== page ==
Centering is evidence-based prenatal care. This means that it has been studied and determined to be a very good way to get prenatal care, no matter if it is your first or fifth pregnancy!  Many women who have been through Centering for their prenatal care in one pregnancy will come back to Centering for all of the rest of their pregnancies.

Providers of Centering prenatal care like it because they have time to really discuss important topics with the pregnant women in group.  In exam room care, providers are stressed to see a certain number of patients during the day, but in order to care for the number of patients recommended, it requires appointments to be scheduled every 15 minutes. Occasionally a provider has 2 patients scheduled every 15 minutes. That will not allow a provider enough time to truly offer you time to discuss your concerns as providers of prenatal care have things that they need to review with you and move on to the next patient.

Ask a patient receiving prenatal care in the standard exam room model, you arrive to the appointment early enough to register, wait in the waiting room to be called, wait once you are in the exam room for the provider who will only be allowed to see you for 7-10 minutes and then you wait to check out and make you next appointment.  You can see why providers of prenatal care often prefer Centering!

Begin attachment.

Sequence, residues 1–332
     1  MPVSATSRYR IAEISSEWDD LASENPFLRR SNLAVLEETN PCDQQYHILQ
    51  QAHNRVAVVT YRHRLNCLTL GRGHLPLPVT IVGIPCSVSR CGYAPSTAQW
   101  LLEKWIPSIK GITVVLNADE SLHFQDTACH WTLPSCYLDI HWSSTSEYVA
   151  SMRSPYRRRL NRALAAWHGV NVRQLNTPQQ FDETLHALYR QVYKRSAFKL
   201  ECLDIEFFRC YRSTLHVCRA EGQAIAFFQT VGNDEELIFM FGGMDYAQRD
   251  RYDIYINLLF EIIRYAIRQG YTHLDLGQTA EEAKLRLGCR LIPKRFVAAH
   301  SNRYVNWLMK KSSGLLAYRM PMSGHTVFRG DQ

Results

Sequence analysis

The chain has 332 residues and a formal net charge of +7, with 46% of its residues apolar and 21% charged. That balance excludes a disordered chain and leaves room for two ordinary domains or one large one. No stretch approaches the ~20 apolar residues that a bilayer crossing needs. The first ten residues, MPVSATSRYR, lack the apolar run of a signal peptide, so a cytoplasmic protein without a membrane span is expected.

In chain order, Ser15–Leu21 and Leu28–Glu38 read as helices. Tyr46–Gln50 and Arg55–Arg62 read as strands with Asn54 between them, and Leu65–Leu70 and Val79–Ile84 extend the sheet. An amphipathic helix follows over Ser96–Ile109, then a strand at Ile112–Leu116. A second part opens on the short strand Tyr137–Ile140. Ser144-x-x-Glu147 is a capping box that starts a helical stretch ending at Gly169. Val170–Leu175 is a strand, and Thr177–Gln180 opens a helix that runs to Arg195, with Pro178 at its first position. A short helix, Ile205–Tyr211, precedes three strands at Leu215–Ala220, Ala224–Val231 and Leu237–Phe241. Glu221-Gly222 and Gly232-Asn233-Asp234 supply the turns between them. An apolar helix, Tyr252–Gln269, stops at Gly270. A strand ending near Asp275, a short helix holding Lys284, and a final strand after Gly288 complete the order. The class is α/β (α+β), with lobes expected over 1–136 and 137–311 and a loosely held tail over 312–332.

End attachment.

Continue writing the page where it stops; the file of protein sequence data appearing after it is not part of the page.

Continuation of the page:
You can learn more about Centering Prenatal Care through the Centering Healthcare Institute website at  At that site, you can watch videos of women who have been involved in Centering prenatal care across the United States and you can find a listing of physician offices in your area that offer Centering Prenatal care. 

Tara Gellasch, MD, is the Chief of Obstetrics and Gynecology at Newark-Wayne Community Hospital (NWCH) and sees patients at The Women’s Center at NWCH, a Rochester General Medical Group practice.  Dr. Gellasch earned her Medical Doctorate from McGill University in Montreal, Quebec and completed her residency in Obstetrics and Gynecology at Emory University. This column is meant to be educational and not intended to be used to make individual treatment decisions. Prior to starting or stopping any treatment, please confer with your own health care provider. To send questions on a women’s health topic, please email Dr. Tara Gellasch at [email protected] and write “Ask a Doc” in the subject line. The Women’s Center at Newark-Wayne Community Hospital is located at 1250 Driving Park Avenue in Newark, New York. Call 315- 332-2427 to schedule an appointment. 


About Rochester Regional Health

Rochester Regional Health is an integrated health services organization serving the people of Western New York, the Finger Lakes and beyond. The system includes 150 locations: five hospitals; more than 100 primary and specialty practices, rehabilitation centers and ambulatory campuses; innovative senior services, facilities and independent housing; a wide range of behavioral health services; and ACM Medical Laboratory, a global leader in patient and clinical trials. Rochester Regional Health, the region’s second-largest employer, was named one of “America’s Best Employers” by Forbes in 2015. Learn more at